I have a product which has univariate and also multivariate time series data from multiple customers. I have variable amount of data available. Ranging between couple of years to couple of months. What I want to achieve is a model which takes as input training data from all my customers and forecast for 1 at a time. Thus utilizing patterns from all of them and then forecast for one customer at a time.


Date        Customer  Variable
2018-01-01  A         10
2018-01-01  B         5
2018-01-01  C         13
2018-01-02  A         9
2018-01-02  B         7
2018-01-02  C         15

2018-01-03  B         ?

Any help on how to formulate this problem and what would be the best model for this?


1 Answer 1


Here are a few rapidfire ideas:

  1. Does the customers affect each other in any way? If that is the case, you need to feed the information of multiple customers at the same time to your RNN. If not, then I would advise creating a time series for each of your customers and feeding it separately to your RNN.
  2. What is it you are trying to predict? Is it a percentage chance of something? Is it a number (e.g. volume of customer purchases). You need to create your outputs, and the inputs you will use to predict that output accordingly. You may also use multiple RNNs if some of your outputs have no relation to each other. For example, if you are trying to predict the volume of purchase for a customer and whether a customer will leave or not, you may want to create two seperate RNNs that will take different inputs (e.g. use the average purchase volume as input for the RNN that predicts the customer volume, and use the frequency of customer visits as input for the RNN that predicts whether the customer will leave or not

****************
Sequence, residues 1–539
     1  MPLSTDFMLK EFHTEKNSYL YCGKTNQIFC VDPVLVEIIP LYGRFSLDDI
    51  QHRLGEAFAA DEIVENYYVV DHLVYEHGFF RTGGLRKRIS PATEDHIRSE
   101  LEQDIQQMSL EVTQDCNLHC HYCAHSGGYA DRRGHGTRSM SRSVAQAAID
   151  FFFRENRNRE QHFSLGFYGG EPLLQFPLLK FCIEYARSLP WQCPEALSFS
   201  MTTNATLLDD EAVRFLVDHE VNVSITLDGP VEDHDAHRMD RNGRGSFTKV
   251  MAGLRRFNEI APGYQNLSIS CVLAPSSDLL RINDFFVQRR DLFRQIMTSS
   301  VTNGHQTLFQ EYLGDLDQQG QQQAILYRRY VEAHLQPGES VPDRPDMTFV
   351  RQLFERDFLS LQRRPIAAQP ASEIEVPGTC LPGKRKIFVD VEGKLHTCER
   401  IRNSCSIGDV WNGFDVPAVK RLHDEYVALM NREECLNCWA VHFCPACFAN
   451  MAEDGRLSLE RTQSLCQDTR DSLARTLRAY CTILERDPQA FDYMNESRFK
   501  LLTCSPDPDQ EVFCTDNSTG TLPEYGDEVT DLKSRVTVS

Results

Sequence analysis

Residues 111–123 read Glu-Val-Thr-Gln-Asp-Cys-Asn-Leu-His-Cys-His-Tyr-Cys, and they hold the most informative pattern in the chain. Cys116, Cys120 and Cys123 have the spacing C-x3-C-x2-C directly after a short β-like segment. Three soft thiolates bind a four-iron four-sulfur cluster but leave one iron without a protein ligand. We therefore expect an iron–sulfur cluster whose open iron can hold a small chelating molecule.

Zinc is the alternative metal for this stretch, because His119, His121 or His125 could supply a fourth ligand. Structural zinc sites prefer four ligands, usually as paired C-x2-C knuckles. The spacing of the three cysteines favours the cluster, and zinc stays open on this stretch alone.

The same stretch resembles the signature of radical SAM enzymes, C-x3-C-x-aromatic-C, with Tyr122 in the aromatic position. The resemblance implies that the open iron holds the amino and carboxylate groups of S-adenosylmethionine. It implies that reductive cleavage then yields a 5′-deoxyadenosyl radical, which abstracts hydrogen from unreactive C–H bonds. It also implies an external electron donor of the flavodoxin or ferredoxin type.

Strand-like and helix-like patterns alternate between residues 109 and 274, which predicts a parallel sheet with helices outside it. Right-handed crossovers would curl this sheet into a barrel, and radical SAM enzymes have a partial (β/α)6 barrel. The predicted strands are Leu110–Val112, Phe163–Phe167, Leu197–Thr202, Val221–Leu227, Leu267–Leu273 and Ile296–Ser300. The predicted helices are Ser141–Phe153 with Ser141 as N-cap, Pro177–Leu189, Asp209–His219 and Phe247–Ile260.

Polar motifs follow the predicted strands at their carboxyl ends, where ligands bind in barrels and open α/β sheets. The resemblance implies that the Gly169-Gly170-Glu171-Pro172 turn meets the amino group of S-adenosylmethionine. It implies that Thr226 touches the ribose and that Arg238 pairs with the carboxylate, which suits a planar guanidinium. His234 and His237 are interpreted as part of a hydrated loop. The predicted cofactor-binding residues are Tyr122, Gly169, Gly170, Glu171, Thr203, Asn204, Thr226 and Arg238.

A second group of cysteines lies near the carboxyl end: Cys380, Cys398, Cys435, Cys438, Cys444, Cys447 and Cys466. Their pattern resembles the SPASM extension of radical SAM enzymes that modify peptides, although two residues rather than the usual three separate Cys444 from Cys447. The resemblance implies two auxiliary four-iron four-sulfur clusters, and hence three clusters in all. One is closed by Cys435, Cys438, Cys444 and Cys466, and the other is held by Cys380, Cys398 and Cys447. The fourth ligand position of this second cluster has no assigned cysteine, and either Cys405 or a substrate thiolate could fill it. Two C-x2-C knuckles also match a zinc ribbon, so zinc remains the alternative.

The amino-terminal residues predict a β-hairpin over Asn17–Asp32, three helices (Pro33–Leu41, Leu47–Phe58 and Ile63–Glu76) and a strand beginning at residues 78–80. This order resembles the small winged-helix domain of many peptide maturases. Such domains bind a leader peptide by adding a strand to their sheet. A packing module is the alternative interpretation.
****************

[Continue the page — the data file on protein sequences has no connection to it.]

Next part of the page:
3. Is there huge discrepancy in values of your variables? (e.g. some customers only do 10 dollar purchases, but the others do 100,000, and you want to feed the information of both to your RNN) If that is the case, you may want to "normalize" your variables as well as the outputs (labels) you are trying to predict
  4. Do you really need an RNN? If your customers' outputs are independent of the sequence of variables from the past, then drop the RNN and use something simpler like feedforward neural network or logistic regression
  5. Are your customers' outputs affected by variables from a long time ago? If so, you may want to add a memory component, such as an LSTM, to your RNN
  6. Does your customers have any periodic components? (e.g. the customer usually buys something 10 days after adding it to the shopping cart). This tells you the lookback (how many past days' data you need to feed to the RNN) you will need for your RNN

Hope it helps. I must admit however, that without getting a sense of the inputs and outputs it is difficult to answer this question.


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